The Architecture Foundation of Oregon (AFO) has named Josymar Rodriguez (MArch, class of 2021) a 2021 Hatfield Scholar. The scholarship recognizes architecture students who have demonstrated a commitment to community service and design excellence. There will be a virtual Hatfield Lunch honoring Rodriguez at 12:00 pm Monday, May 24.
Rodriguez received the scholarship on the heels of winning the 2020 COVID-19 Student Action Fund Award from the Clinton Global Initiative (CGI).
Both the AFO and CGI recognized Rodriguez for her commitment to improving living conditions and the built environment for unhoused and vulnerable populations. With support from the UO and the Student Action Fund Award, Rodriguez developed the project, “Pandemic Response for the Homeless,” which focused on the Portland homeless population and developing a wayfinding system.
“I study and live in Old Town, an area where urban blight coexists with new developments, social housing, and numerous organizations catering to the houseless, a community deeply affected by the COVID -19 pandemic,” Rodriguez wrote in her Hatfield application. “’Pandemic Response for the Homeless’” incorporated CDC guidelines and design suggestions to comply with social distancing practices and improve public spaces, aiming to foster healthy relations between us all. Understanding streets as landscapes of care and nourishment places to safely access food, health resources, employment, and much more.”
Associate Architecture Professor Nancy Cheng describes the pandemic project as provocative. “It invites the unhoused to inhabit the city with dignity alongside the majority population, rather than assuming that society can banish or hide the underclass,” Cheng explained. “The booklet illustrates how tactical investments could provide essential services for hygiene, waste collection, and donation distribution alongside urban amenities such as greenery, gathering spaces, and market stalls”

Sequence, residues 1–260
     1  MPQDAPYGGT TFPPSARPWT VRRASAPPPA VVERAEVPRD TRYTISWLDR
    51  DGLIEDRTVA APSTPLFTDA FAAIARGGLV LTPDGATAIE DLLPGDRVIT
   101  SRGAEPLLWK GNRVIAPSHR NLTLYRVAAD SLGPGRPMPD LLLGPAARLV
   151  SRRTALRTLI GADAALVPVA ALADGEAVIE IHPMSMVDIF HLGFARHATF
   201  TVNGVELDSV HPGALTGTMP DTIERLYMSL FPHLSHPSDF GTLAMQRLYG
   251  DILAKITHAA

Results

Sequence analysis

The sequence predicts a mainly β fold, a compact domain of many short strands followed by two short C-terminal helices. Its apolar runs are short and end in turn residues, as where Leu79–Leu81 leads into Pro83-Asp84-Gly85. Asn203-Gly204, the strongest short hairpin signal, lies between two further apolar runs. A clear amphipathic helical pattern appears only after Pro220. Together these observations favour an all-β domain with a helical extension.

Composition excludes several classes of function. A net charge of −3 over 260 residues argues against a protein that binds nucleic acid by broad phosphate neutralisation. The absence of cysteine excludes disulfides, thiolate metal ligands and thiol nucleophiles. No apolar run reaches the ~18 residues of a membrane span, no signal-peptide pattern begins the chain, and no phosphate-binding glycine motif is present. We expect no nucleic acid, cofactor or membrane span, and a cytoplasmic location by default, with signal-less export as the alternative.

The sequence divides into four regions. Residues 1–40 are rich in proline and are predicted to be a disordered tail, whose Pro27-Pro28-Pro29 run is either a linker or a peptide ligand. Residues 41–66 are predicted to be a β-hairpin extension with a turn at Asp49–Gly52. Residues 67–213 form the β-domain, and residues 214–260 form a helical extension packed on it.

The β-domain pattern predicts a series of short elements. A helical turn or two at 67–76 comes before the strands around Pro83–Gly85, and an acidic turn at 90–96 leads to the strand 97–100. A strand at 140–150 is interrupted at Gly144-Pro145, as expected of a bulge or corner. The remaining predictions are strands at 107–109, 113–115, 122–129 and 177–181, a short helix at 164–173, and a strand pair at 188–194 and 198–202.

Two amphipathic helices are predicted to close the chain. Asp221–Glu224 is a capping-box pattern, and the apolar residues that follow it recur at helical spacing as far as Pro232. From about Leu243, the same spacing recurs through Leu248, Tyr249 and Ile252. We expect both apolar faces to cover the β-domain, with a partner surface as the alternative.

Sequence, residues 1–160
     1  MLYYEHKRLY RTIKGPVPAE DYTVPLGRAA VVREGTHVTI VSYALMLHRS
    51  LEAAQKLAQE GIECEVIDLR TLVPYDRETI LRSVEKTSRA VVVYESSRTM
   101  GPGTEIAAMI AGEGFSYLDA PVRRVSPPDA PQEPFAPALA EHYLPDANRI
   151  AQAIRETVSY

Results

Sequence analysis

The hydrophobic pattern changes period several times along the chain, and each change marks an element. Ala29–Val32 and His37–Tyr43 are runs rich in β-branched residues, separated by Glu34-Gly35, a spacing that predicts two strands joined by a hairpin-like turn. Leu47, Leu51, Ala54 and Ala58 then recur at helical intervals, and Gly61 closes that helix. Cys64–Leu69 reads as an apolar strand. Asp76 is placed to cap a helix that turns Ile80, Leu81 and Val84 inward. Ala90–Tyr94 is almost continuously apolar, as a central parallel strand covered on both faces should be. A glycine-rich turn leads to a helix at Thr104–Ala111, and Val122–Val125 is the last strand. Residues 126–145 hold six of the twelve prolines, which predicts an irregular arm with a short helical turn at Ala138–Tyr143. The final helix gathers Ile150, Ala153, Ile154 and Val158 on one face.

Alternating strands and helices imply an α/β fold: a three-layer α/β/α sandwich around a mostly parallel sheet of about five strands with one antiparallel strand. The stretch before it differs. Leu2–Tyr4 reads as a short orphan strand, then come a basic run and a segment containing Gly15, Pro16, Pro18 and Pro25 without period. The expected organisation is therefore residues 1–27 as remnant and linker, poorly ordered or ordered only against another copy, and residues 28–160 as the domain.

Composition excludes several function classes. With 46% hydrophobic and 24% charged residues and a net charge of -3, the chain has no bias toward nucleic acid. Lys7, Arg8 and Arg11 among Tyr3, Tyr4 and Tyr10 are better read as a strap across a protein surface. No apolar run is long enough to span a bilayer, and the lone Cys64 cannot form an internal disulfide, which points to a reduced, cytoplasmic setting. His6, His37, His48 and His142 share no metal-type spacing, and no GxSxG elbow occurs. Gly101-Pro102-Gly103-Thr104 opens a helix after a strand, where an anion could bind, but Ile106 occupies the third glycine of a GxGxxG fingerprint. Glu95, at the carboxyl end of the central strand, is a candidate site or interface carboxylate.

"As architects, we have the responsibility to design how we inhabit the planet. We have to own it, care for it, and do so by building fairness and justice through our acts."
Rodriguez, who moved to Oregon from Venezuela in 2019, also co-founded the nonprofit INCURSIONES in her hometown of Caracas. The nonprofit focuses on working with vulnerable communities to address critical aspects of the Venezuelan crisis: food insecurity, urban violence, and social disintegration.A design from the INCURSIONES nonprofit in Venezuela
For her last project with the nonprofit before leaving Venezuela, Rodriguez helped renovate three community kitchens for an NGO that works to alleviate child malnutrition.
“As architects, we have the responsibility to design how we inhabit the planet. We have to own it, care for it, and do so by building fairness and justice through our acts,” Rodriguez wrote of her work. “I am committed to developing new ideas for transforming our spaces, overcoming discriminatory practices, and leading our way forward through design as the tool to imagine and build spaces for love, spaces for all.”
“For Josymar, architecture always emerges as a critical vehicle for communication, mutual support, and collective action—it’s a social act,” Fowler said. “I’m thrilled that AFO is recognizing Josymar and furthering the kind of work that is so central to the ethos of the School of Architecture & Environment and the Portland program.”A design from the 'Pandemic Response for the Homeless' project